Britons think most moths eat clothes, say Butterfly Conservation

The UK’s moths are in trouble, two-thirds of common and widespread species have declined in the last 40 years. In a bid to make the UK mad about moths Butterfly Conservation is launching Moths Matter, a campaign to overturn their unfair reputation.

Puss Moth caterpillar - threat reaction

Katie shares this latest news on behalf of Butterfly Conservation. Ed


Around three-quarters of the UK population (74%) have some negative opinion of moths, with many people believing the majority eat clothes and are pests, a study has revealed.

A YouGov poll for wildlife charity Butterfly Conservation revealed that 64% of people associated moths with eating clothes and one in three (33%) with being pests.

Unfair reputation as clothes devourers
Moths have long suffered an unfair reputation as the devourers of clothes despite the fact that only two out of more than 2,500 UK species are known to regularly feed on some fabrics. And rather than being pests, the vast majority of moths play important roles in the food chain and as pollinators.

And rather than being pests, the vast majority of moths play important roles in the food chain and as pollinators.

Ugly’, ‘scary,’ and definitely interesting
Research found that 17% of people thought moths were ugly and 12% believed they were scary. But, some held more positive views with one in five people (21%) believing moths were important and almost a third (29%) that they were interesting.

Moths Matter campaign
In a bid to make the UK mad about moths Butterfly Conservation is launching Moths Matter, a campaign to overturn their unfair reputation.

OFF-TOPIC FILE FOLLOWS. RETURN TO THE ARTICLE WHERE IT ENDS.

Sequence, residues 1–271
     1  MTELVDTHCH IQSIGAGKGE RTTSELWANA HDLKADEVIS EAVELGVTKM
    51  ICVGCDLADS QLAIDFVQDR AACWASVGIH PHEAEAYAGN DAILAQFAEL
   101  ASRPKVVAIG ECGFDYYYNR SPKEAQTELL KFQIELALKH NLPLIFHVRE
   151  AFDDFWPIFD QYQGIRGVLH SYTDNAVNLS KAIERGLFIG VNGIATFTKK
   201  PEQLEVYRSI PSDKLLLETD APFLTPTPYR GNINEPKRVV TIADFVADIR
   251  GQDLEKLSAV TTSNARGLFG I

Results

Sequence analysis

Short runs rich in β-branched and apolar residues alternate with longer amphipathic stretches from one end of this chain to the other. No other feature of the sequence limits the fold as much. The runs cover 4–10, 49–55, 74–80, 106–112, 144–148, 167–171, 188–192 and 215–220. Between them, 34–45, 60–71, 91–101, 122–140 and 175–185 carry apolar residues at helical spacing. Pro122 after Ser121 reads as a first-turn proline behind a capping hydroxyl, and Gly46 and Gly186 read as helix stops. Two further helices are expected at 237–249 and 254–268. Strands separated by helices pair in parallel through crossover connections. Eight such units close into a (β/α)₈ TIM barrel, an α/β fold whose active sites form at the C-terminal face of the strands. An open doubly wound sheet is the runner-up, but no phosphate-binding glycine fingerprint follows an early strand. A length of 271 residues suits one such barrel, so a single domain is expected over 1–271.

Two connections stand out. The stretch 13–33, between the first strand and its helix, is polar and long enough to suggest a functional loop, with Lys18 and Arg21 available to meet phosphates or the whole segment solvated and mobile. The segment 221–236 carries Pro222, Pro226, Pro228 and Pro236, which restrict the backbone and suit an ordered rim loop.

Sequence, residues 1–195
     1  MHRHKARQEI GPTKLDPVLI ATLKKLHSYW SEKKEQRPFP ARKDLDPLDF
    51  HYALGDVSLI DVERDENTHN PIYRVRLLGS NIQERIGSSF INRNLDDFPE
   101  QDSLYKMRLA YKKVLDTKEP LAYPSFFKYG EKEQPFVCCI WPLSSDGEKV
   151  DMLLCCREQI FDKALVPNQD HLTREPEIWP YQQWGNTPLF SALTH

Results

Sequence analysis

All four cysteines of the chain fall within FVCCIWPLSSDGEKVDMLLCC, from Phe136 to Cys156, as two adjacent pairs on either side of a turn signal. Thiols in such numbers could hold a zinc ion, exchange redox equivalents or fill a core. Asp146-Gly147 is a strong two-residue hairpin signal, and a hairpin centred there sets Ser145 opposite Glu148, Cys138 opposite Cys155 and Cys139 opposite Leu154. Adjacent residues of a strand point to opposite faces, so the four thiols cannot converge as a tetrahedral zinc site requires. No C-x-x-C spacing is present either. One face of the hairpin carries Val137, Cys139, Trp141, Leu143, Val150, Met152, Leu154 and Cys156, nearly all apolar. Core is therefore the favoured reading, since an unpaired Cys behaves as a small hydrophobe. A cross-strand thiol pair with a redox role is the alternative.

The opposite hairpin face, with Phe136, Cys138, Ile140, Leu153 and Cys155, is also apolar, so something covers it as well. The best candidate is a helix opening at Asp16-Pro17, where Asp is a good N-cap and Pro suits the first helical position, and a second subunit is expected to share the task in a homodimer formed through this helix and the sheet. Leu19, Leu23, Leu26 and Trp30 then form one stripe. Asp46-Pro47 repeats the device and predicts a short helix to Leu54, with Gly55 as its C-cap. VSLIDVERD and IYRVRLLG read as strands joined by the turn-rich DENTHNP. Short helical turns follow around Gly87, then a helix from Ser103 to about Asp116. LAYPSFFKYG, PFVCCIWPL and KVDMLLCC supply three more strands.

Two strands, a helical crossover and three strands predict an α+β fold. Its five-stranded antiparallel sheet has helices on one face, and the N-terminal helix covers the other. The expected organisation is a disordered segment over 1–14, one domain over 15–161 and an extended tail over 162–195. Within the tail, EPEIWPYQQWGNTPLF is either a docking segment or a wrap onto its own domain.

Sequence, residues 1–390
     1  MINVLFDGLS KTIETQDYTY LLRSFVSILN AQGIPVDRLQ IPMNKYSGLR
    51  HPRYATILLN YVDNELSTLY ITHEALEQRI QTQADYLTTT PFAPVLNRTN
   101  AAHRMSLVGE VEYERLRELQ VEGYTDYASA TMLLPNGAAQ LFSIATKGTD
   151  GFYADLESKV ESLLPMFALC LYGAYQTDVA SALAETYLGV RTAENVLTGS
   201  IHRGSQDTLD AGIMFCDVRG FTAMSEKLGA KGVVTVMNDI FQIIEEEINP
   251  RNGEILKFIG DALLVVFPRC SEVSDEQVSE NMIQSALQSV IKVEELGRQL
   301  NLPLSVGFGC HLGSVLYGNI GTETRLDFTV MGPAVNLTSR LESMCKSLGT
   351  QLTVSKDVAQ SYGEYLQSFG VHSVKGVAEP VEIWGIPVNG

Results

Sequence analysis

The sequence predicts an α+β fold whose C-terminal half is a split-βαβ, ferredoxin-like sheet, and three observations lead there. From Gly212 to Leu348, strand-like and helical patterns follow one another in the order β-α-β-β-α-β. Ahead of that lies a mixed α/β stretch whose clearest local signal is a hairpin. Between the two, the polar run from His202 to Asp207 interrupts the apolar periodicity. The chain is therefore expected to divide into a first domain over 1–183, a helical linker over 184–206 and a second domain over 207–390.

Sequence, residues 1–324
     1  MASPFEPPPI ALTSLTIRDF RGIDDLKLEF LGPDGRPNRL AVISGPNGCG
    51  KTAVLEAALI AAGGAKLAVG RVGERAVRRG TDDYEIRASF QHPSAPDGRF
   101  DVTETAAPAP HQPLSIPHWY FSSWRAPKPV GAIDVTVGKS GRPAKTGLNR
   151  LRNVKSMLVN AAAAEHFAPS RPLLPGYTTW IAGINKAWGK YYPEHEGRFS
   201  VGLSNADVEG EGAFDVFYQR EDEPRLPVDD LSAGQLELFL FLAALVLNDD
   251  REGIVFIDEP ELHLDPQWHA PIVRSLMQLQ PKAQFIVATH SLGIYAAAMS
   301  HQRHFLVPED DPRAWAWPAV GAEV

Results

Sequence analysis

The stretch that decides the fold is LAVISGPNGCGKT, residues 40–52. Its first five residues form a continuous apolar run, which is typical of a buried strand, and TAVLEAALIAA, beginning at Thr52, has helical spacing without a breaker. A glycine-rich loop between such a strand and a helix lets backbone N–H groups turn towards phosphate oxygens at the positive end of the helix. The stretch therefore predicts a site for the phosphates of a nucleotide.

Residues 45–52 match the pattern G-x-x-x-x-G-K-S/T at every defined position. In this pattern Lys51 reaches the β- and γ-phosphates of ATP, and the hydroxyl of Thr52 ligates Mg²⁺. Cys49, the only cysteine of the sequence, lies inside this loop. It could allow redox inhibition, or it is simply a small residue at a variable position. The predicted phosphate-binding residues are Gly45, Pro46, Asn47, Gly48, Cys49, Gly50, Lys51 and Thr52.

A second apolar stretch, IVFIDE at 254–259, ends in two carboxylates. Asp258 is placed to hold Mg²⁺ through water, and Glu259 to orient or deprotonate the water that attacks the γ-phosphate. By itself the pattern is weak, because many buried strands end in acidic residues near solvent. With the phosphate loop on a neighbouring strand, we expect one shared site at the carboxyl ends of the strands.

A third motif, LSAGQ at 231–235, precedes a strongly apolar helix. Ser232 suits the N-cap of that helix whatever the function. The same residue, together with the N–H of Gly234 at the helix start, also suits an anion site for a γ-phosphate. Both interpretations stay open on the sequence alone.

Moths Matter will reveal how moths are a key food source for many other species, how they are fascinating and beautiful and how they play an important role as pollinators of wildflowers and garden plants.

Humming Bird Hawk Moth 
Image: © Steve Maskell, Butterfly Conservation
Humming Bird Hawk Moth © Steve Maskell, Butterfly Conservation

The UK boasts charismatic and beautiful moths; the Death’s-head Hawk-moth can squeak like a mouse, the Mother Shipton has a witch’s face on its wings and the caterpillar of the Puss Moth can shoot acid out of its chest.

Sterling: Each of 2,500 species tell a different story
Leading moth scientist Dr Phil Sterling explained:

“We are not that surprised by the findings. People may think of a few times a large moth has startled them and then write them off as annoying or unnecessary; that is wholly unfair.

“Think of the Humming-bird Hawk-moth you might see hovering around lavender in summer. It is a thing of beauty and of wonder as it feeds so precisely in each flower.

“Each of the 2,500 species tells a different story about the natural world of moths around us. Most of them get on with their lives at night and we don’t see them, but they are important to us, they pollinate many plants and they tell us about how the world is changing around us.”

Scientists have recently discovered that moths may play a much broader role as plant pollinators than previously suspected.

Essential pollinators
Moths are essential pollinators for some plants including several of the UK’s orchids and they may act as pollinators for a much wider range of plants than had been realised, possibly even some crops.

Some moths are much more mobile than bees and can dispense pollen over larger distances.

Important food for many other species
Moths and their caterpillars are important food for many other species, including amphibians, small mammals, bats and many bird species.

And despite the reputation as the destroyers of clothes there are only two common species, the Case-bearing Clothes Moth and the Common Clothes Moth, that eat fibres of animal origin such as wool, fur and feathers.

UK moths in trouble
The UK’s moths are in trouble, two-thirds of common and widespread species have declined in the last 40 years.

Butterfly Conservation’s Moths Matter campaign will focus on a different theme each month, from spotting springtime caterpillars, planting a garden to attract night-flying visitors, to hunting for hawk-moths in hedgerows.

#MothsMatter
Look out for the #MothsMatter hashtag on social media to get involved.

Image: © John Bebbington, Butterfly Conservation

Monday, 27th May, 2019 11:37am

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Filed under: Environment, Green Issues, Island-wide, Isle of Wight News, Top story

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